3. Work to end racism in your own life by continuing to learn about antiracism — and taking action in your everyday life
Dr. Ibram X. Kendi, — the acclaimed professor, author, and educator — wrote this about the topic of how to combat racism:
“No one becomes ‘not racist,’ despite a tendency by Americans to identify themselves that way. We can only strive to be ‘anti-racist’ on a daily basis, to continually rededicate ourselves to the lifelong task of overcoming our country’s racist heritage.”
In the process of dedicating ourselves to the task of overcoming racism, we have to educate ourselves. We can learn about covert white supremacy, follow organizations leading the way for racial equity and justice, watch films, listen to podcasts, and read books.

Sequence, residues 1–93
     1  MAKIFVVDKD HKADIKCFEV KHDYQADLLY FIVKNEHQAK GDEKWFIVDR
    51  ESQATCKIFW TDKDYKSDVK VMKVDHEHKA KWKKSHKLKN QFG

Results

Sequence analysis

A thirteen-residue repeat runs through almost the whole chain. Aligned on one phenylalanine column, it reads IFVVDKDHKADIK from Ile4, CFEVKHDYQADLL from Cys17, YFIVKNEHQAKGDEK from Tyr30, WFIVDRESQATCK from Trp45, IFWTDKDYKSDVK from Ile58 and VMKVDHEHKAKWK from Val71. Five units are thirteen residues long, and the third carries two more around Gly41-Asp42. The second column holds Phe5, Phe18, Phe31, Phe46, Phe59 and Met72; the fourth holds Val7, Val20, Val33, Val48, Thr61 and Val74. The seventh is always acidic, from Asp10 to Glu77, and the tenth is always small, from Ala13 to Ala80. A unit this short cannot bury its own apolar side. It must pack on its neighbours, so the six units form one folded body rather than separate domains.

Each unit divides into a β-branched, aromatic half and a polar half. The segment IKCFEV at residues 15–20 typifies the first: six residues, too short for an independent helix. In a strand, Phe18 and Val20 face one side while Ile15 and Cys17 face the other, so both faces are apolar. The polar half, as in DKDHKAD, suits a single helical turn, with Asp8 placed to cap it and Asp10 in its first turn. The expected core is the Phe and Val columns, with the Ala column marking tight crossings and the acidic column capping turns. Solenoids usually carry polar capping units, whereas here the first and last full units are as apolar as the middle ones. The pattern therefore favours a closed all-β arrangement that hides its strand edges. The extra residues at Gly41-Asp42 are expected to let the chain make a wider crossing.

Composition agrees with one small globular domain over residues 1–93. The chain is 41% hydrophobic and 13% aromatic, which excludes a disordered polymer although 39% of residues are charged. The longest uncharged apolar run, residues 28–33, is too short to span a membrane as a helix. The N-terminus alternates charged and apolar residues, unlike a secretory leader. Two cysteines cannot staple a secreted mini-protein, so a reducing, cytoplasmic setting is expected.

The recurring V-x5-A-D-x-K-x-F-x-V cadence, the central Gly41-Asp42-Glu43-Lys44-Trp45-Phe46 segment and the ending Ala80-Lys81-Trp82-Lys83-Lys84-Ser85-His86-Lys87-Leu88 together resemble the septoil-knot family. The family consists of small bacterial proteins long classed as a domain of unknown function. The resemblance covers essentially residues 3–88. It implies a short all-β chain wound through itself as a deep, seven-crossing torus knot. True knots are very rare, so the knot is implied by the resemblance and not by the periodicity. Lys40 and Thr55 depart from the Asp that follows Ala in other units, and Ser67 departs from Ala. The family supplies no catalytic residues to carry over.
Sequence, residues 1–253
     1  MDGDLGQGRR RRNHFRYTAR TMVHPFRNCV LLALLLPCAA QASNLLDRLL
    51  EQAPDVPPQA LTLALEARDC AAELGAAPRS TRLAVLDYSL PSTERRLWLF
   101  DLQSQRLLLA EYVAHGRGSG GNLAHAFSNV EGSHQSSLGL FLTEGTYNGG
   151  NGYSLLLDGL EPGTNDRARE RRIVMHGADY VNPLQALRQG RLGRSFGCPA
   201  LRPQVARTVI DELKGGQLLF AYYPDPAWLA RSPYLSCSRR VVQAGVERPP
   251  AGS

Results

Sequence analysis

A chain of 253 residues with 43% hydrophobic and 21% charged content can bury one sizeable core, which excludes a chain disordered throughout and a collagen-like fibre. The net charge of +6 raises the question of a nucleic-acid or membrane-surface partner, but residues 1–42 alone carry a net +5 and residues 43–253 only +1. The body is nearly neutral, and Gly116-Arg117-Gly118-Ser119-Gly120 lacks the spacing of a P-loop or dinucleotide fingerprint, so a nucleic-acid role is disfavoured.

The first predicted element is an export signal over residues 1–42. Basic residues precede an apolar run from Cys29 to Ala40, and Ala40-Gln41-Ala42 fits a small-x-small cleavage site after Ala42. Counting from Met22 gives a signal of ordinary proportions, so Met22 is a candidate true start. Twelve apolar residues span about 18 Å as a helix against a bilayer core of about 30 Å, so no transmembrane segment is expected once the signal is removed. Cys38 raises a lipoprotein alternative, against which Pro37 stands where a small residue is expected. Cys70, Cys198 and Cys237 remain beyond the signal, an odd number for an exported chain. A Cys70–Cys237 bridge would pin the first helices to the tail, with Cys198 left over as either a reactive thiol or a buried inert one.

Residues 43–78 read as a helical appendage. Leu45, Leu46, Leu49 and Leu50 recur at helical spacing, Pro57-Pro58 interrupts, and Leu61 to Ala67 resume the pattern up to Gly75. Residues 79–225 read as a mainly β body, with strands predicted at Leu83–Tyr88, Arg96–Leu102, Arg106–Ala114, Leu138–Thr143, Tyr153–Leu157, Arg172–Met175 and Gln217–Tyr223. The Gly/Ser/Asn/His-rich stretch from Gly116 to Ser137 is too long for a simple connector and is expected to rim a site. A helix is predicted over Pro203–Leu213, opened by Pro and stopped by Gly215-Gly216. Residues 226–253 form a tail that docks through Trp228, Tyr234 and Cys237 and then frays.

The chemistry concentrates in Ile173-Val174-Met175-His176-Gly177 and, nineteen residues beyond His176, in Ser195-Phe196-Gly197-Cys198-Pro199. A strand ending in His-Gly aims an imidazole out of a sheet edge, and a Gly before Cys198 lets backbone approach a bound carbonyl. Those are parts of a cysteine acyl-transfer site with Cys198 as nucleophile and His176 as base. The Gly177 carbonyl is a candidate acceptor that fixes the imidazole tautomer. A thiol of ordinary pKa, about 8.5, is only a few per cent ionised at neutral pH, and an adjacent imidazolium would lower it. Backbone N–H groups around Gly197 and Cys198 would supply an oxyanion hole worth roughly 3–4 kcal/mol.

And once we’ve learned better, as Maya Angelou said, “we can do better.”
Reading and listening to resources about how to be antiracist is only the first action step — we must also take action to implement what we learn in our lives.
You can implement antiracist work no matter who you are or what you do.
Hold the company you work for accountable for ensuring they are incorporating diversity and inclusion in the workplace.
On social media, uplift diverse voices providing free, educational resources — and if/when you have the opportunity and ability to do so, hire them.
In your family, call out racist actions or words when you see or hear them and remind them they can — and should! — do the same for you.
By intentionally learning from Martin Luther King Jr.'s full teachings, continuing his fight for the right to vote, and working to end racism — we can honor King on MLK Day and every day.